Tag Archives: frugal cooking

The Best Things In Life Are Free

Some of the best things in life are free. Some of the best things also cost money.

This morning, Ali and I were hashing out some details about our upcoming road trip to GALESBURG(!) Ali said she’d pick up a 24-pack of bottled water to bring along.

“Whoa, whoa, whoa,” I said. “Back up, moneybags! I’ll use my Nalgene.”

“Don’t even!” Ali replied. “The 24-pack is $2.49.

To which I responded, “$2.49? I spend that much each time I blink!” Then we LOLd for a bit about the thought of money shooting out of my eyes: how I could just quit my job and blink myself toward financial solvency. O, to generate eye money!

Taken on my last trip to Galesburg, which was, believe it or not, in January of ’08. #blasphemy

This conversation got me thinking: about road trippin’, for sure, but also about the issue of food costs relative to geography. Where I live, a single bottle of water can (easily) cost $2.49. (Sidenote: An ex and I once accidentally paid $10 for a bottle of Pellegrino: NOT EVEN JOKING. The watery Manhattan I ordered subsequently did little to alleviate the sticker-shock sting.) Where Sis lives, you can get a week’s worth of water for the same cost.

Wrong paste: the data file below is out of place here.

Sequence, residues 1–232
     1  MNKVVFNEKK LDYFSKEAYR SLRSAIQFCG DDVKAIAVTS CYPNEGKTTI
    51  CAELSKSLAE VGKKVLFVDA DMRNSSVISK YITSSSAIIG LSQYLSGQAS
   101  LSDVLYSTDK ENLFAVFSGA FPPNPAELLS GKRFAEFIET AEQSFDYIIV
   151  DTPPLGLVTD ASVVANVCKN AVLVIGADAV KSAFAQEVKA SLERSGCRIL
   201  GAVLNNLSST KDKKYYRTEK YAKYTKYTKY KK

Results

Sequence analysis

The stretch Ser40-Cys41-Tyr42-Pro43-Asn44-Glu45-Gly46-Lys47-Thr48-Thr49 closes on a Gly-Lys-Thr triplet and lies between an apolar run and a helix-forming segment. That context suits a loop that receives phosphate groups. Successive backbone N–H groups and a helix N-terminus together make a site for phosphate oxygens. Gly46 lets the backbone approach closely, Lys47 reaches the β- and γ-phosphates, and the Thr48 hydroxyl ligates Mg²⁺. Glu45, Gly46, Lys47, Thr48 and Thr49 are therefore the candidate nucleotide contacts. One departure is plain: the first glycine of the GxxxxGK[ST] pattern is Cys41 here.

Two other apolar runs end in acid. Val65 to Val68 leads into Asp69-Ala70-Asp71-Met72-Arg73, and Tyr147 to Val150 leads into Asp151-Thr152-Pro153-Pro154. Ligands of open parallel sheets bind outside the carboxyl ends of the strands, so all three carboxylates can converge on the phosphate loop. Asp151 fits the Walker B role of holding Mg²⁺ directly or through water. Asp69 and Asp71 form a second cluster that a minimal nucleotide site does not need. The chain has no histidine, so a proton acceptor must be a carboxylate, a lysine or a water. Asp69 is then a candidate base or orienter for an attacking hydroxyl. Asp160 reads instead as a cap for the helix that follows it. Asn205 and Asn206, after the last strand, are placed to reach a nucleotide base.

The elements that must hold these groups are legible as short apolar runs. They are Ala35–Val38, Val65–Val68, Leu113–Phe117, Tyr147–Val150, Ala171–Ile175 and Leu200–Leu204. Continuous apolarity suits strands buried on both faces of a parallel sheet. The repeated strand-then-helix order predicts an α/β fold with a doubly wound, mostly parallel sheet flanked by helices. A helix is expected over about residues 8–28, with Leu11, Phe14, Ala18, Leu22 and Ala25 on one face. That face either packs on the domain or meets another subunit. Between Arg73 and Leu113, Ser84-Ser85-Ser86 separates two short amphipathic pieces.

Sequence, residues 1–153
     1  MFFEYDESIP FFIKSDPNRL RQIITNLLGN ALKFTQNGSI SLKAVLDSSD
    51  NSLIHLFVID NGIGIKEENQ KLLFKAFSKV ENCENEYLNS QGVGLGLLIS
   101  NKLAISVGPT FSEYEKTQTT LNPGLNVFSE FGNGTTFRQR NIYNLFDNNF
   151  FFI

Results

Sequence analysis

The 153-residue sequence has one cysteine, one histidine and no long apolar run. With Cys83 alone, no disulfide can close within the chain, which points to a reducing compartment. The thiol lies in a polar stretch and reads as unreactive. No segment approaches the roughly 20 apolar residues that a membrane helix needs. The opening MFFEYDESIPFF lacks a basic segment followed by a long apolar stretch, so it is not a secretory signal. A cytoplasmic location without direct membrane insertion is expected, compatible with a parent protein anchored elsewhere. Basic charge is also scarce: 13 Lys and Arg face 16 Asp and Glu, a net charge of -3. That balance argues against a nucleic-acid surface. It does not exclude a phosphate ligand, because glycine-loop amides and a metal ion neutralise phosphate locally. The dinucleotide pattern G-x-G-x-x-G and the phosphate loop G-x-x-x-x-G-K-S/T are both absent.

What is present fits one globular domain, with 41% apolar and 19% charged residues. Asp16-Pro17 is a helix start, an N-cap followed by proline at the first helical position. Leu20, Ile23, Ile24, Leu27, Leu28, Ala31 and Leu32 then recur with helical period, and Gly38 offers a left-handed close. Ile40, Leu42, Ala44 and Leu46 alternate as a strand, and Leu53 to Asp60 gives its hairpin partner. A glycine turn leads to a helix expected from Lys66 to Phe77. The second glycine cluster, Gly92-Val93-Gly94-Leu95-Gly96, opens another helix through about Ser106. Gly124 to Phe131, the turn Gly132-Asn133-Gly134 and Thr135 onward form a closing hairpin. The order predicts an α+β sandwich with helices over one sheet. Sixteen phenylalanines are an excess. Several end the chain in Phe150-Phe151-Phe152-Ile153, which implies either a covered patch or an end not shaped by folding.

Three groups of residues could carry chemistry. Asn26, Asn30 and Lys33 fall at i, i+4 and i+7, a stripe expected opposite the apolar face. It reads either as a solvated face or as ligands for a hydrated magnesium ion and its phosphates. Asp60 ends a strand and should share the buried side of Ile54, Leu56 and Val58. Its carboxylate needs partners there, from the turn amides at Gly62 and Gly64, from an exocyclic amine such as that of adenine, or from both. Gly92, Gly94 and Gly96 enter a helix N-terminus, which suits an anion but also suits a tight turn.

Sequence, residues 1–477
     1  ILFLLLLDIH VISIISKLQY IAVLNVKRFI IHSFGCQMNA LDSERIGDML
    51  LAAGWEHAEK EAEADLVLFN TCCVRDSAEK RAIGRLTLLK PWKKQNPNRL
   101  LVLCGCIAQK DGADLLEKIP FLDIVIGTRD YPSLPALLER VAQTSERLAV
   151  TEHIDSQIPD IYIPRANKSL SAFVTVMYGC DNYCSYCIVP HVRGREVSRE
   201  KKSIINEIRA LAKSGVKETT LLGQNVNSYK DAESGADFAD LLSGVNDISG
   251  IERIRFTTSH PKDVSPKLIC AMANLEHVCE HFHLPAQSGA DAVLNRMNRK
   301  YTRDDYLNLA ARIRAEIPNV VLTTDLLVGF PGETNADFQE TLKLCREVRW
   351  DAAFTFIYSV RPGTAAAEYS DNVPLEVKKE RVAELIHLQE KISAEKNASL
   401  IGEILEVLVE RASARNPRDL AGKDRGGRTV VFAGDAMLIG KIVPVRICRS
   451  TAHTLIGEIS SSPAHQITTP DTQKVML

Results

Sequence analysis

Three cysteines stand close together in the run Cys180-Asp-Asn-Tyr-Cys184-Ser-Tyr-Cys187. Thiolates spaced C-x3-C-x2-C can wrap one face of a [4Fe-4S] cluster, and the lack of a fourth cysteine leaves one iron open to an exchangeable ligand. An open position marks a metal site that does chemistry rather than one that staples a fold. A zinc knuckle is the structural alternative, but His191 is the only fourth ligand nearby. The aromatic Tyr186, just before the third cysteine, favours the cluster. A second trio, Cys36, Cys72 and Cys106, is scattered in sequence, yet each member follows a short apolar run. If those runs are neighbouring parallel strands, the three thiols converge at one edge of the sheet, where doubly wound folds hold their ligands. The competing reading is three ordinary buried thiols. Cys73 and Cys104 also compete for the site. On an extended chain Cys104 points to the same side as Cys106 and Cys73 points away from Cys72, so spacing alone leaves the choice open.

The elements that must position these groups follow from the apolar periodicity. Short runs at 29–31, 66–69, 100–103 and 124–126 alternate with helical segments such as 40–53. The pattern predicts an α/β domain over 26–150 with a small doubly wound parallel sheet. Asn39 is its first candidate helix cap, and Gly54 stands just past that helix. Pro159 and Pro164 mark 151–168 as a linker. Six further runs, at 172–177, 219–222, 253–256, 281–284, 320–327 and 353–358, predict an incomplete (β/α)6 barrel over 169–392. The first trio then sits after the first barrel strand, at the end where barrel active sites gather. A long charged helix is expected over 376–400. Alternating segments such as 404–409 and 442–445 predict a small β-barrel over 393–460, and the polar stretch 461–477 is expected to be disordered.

I’ve lived in the Bay Area for almost three years, and every time I  visit the Midwest, I’m surprised anew at the outlandishly low food costs there. Yes, the general cost of living is lower there; I just focus on the food. “Five dollars for a hamburger AND fries?” I find myself shrieking. “I’ll eat ALL THE HAMBURGERS!”


I love my Adopted Homeland and can’t envision moving anywhere else, really, but the cost of living here has required me to get serious about savvy shopping. Where before I might let a pint of raspberries sprout fuzz, I now find ways to eat all the berries within a day or two of purchasing them. I use odds & ends of veggies as stir-fry fodder; I don’t eat much meat, except at restaurants. I purposely generate leftovers.

And I do still buy frivolous and expensive and unnecessary foods — just not as often as I hypothetically could. True, I do not need salt & vinegar chips, Pop-Tarts, or beer, but I enjoy these things and like to have them on hand.